Posted on May 09, 2018, 2 a.m.
Menopause may be delayed by diets rich in fish and legumes, while diets rich in refined carbs such as rice and pasta may do the opposite and hasten it.
Final analysis involved over 14,000 participants, including 914 who went through menopause naturally between the age of 40 and 65, with the average being 51. Every additional portion of refined carbs was associated with reaching menopause 1.5 years earlier after taking account of factors. Each additional portion of legumes and oily fish was associated with delay of menopause by 3 or more years. Higher intake of zinc and B6 were also associated with later menopause.
Similar results were found with analysis of particular food groupings. Meat was associated with menopause onset almost a year earlier than vegetarians. Extra portions of savory snacks was also associated with earlier menopause by 2 years. Higher intake of fish was linked with later menopause of over 3 years, and legumes 1.5 years. Eating grapes and poultry among childless women was associated with later menopause.
Several environmental, genetic, and behavioural factors are thought to be involved in the timing of the onset of menopause, some of the research has implicated diet. Participants were enrolled from the UK Women’s Cohort Study which involved over 35,000 women between the ages of 35-69 years old to further explore this. Participants provided details on influential factors such as reproductive history, use of HRT, weight history, when they had gone through menopause, and physical activity levels, as well as questionnaires on food frequency and quantities. Over 217 foodstuffs were collated into groups according to uses.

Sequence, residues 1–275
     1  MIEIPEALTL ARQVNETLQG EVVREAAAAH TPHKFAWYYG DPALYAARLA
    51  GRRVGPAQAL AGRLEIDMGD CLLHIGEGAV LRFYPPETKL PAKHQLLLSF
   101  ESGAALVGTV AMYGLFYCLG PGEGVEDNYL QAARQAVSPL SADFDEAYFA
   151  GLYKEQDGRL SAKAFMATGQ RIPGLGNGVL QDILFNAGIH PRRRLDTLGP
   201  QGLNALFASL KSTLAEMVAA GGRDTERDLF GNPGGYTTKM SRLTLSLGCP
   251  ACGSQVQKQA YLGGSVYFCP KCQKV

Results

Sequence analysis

Womens egg maturation and release are affected by reactive oxygen species, higher intakes of food containing antioxidants may counter this. Refined carbs boost risk of insulin resistance which can interfere with sex hormone activity and boost oestrogen levels increasing menstrual cycles and deplete egg supply faster. Vegetarians consume larger portions of antioxidants and fibre which are associated with low oestrogen levels which may alter menopause timing.
Women who experience menopause early are at increased risk of heart disease and osteoporosis, those who through it later are at increased risk of cancers such as ovarian, womb, and breast cancer.
It was noted that these are observational findings and can’t prove causality; questionnaires are subject to recall faulty; and the study sample was more affluent and health conscious than most which may have influenced findings. Going on to add that findings confirm diet may be associated with age of natural menopause.
Materials provided by BMJ.
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Yashvee Dunneram, Darren Charles Greenwood, Victoria J Burley, Janet E Cade. Dietary intake and age at natural menopause: results from the UK Women’s Cohort Study. Journal of Epidemiology and Community Health, 2018; DOI: 10.1136/jech-2017-209887